October is National Breast Cancer Awareness Month

Most people today know someone who has had breast cancer.

October is National Breast Cancer Awareness Month, a chance to raise awareness about the importance of early detection of breast cancer. According to the website Healthfinder.gov, breast cancer is the second most common kind of cancer in women. About 1 in 8 women born today in the United States will get breast cancer at some point.

The good news is thanks to earlier detection through screening, increased awareness, and better treatment, a woman’s risk of dying of breast cancer dropped 38 percent between the late 1980s and 2014, translating into 297,300 fewer breast cancer deaths during that time.

Most women can survive breast cancer if it’s found and treated early. A mammogram – the screening test for breast cancer – can help find breast cancer early when it’s easier to treat.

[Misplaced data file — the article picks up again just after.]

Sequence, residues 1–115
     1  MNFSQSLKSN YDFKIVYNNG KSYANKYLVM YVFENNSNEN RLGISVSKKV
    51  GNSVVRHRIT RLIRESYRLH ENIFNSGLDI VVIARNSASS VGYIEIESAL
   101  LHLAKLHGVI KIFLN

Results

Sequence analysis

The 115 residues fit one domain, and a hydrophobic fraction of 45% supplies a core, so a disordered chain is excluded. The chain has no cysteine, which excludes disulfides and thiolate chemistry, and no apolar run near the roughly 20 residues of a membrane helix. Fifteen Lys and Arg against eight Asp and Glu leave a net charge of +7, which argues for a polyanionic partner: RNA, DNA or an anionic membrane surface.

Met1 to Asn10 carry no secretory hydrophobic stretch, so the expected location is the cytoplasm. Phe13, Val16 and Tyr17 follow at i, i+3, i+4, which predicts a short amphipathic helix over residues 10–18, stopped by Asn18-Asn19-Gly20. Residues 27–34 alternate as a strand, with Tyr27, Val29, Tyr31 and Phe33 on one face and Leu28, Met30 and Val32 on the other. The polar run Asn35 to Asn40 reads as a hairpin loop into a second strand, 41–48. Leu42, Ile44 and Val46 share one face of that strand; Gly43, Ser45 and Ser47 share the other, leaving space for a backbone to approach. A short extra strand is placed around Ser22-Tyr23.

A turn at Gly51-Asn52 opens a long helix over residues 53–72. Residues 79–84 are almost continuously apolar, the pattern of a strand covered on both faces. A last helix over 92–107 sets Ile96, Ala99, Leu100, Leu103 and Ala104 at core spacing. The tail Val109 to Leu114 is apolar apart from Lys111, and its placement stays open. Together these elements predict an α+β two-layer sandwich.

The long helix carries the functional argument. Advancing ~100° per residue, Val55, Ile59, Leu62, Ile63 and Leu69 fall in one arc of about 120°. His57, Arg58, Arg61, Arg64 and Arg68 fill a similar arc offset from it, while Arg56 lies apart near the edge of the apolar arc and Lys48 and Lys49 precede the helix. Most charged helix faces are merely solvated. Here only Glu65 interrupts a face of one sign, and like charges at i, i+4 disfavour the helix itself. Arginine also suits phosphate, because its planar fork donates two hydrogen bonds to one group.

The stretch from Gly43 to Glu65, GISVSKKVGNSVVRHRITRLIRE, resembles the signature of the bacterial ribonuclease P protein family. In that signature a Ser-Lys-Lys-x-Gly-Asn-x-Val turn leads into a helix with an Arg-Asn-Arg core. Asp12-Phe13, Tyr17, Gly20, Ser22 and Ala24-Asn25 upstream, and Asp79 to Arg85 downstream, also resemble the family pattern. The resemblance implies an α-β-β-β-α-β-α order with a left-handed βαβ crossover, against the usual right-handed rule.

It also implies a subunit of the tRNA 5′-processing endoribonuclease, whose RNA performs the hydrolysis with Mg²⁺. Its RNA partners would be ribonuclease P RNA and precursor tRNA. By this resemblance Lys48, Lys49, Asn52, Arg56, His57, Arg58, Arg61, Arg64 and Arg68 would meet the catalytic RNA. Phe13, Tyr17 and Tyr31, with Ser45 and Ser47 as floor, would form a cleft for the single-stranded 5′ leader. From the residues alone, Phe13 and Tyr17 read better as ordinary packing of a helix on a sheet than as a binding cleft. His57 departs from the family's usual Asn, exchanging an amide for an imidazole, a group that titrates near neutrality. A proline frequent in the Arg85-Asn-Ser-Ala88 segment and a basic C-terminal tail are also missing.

We all know women who, for one reason or another, never seem to make it to the doctor for that yearly mammogram. This is where you come in. Encourage each other to get a yearly check up. Explain all the positives of early diagnosis. If you or someone you love is concerned about developing breast cancer, has been recently diagnosed, is going through treatment, or is trying to stay well after treatment, there are plenty of ways you can find the answers you need.

Here are several websites that can help cancer patients every step of the way:

American Cancer Society

https://www.cancer.org/cancer/breast-cancer

National Breast Cancer Foundation, Inc.

http://www.nationalbreastcancer.org/

American Breast Cancer Foundation

http://www.abcf.org/

BreastCancer.Org

http://www.breastcancer.org/

Most people today know someone who has survived breast cancer.

Be a supporter. Be a participant. Be aware and be pro-active.

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